A Level Results 2019: Ground Sentiments

By Nicole Chan (19S05A), Kwee Qiao Ying (19S03K), Kuang Shane Qi (19A13A), Emily Ni (20S03C), Valerie Tan (20S07B), and Benjamin Liew (20A03A)
Photographs courtesy of Melvin Liam (19S05B) of Raffles Photographic Society and Alyssa Marie Loo (19A13A)

The atmosphere in the Multi-Purpose Hall was noticeably tense as the Batch of 2018 streamed in, anticipating the release of their A Level results. Conversations between friends were punctuated with nervous laughter, and parents anxiously crowded at the edge of the gallery. Eventually, the buzzing died down, as Mr Jeremy Ng prompted everyone to rise for the Institution Anthem. This was swiftly followed by Mr Frederick Yeo’s welcome speech to the Year 7s and their parents.

“The A Levels is a millstone, but also a milestone. Continue to be open to learning, continue to be open to setbacks, and keep a growth mindset with you.” This was the crux of Mr Yeo’s message to the Year 7s, as they sat in the MPH anxiously awaiting their results. As the screen flashed with statistics detailing how the batch performed, cheers resounded through the hall as students reacted to their (sometimes unexpectedly) good grades. Most notable was the batch’s response to their outstanding Literature distinction rate:

The release of results commenced immediately after the speech concluded. Many students were seen sobbing in joy, and in the midst of the chaos, there were pockets of quiet where some students offered their disappointed friends a shoulder to cry on. Some more passionate ones took to more extreme expressions of their sentiments. One student took off his cap and knelt before his results slip in elation, while another went up on stage to dab furiously.

There were plenty of inspiring stories of leaps in grades that might seem unbelievable, most of all to the candidates themselves. One such candidate was Franklin Yoong (18S03P), who, upon receiving his results, promptly fell to his knees before his results slip. He expressed considerable surprise and happiness, revealing that he’d scored S’s and U’s for his Y5 CTs.

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A student receiving his results

“Look at the [positive] gradient for my ELL grades,” another student exclaimed to her friend, both of whom chose to remain anonymous. “S to E to D to C to B.” The relief, especially from those who had felt their papers were difficult, was palpable. “It was very unexpected. My friends and I take KI and we thought the paper was very difficult and that we were gonna get a C. But we all got A,” Xu Jing (18S03C) said.

But the results are definitely not the only focus of Rafflesian life. When asked what she would miss most about JC, Sun Jia Ying (18A01D) said, “I would definitely miss friends and familiar faces. Even if you don’t know them well, just seeing them around [school] is great. The student-initiated activities in RI are great too.” Fabien Tan (18S03L) added that “meeting people from different backgrounds and circles was also very enjoyable.” Soh Ying Qi (18A01C) reflected that the most surprising thing about the event was how anticlimactic it was — it was “not a grand shrieking affair, but really about [the] personal journey that you took to get here”.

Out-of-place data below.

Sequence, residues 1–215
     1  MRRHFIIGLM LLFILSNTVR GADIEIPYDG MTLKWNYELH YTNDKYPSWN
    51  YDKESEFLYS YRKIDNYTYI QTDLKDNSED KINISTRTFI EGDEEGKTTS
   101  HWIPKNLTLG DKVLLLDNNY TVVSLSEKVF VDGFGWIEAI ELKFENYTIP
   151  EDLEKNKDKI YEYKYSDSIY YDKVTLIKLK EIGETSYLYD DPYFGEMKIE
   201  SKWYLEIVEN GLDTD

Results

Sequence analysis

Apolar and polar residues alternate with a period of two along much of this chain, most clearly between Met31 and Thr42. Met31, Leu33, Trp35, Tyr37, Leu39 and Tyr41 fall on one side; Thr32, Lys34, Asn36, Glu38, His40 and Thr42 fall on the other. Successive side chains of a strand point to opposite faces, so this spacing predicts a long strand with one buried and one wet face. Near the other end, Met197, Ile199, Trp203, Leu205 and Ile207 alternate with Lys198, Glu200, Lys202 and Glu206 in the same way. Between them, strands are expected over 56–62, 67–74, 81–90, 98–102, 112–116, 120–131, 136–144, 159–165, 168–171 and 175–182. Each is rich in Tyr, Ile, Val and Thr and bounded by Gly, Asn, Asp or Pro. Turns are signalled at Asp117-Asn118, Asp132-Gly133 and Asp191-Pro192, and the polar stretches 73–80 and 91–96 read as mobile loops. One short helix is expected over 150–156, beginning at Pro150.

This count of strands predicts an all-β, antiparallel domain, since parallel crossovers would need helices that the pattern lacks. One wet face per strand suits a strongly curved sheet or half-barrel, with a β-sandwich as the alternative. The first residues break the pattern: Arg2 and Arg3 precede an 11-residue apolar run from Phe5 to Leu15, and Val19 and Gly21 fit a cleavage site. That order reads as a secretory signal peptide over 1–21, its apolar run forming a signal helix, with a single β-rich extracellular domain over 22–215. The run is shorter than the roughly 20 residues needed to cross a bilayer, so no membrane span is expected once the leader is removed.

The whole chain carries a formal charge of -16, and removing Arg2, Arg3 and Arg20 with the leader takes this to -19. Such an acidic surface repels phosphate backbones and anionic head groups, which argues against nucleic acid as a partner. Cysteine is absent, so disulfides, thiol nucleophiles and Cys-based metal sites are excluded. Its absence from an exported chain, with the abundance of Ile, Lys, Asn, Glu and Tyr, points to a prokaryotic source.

When talking about A Level results, one often focuses on the students’ reactions. But what of those who toil behind the scenes, making sure that every student reaches their full potential? GP teacher Mr Winston Cheong remarked, “I was privileged to watch [my class of 18A13A] grow from awkward 16-year-olds to the ladies and gentlemen that you see today.” (With regard to his hopes for their futures, he only said that “the most important thing is for them to visit and buy [him] gifts”.)

Another GP teacher, Mr Larry Lee, also stated, “The students have done well and shouldn’t be disappointed.” He went on to share that students should have the courage to “explore other areas” and not stick to the “usual well-trodden path for RI”. He cautioned students against “chasing after someone else’s dream”, and to stay true to themselves. 

The event was especially significant for history teacher Mr Gavin Swee, who celebrated his first batch of A Level candidates. He had contacted his class before the results release, reminding them that “what’s truly important about a student’s education is who they become”. He feels that the grades often obscure what this event is about: “a celebration of the student in every aspect of them”.

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Mr. Gavin Swee and his students of Batch ’18

And how could we forget the people who have been there from the very beginning? Parents were seen taking proud wefies with their children and embracing them after they had gotten their certificates. Whatever results their children had received, it seemed that they were proud nonetheless. One parent had advice for future batches of students: “Enjoy the moment; enjoy the whole school process. [A-Levels] are just a necessary, but not sufficient, step.” 

With their exceptional performance, the Batch of 2018 has truly made the school proud. But one must not forget that life is so much more than grades. As Literature teacher Mrs Nicola Perry aptly put, “enjoy the journey; there’s always going to be a path for you”.

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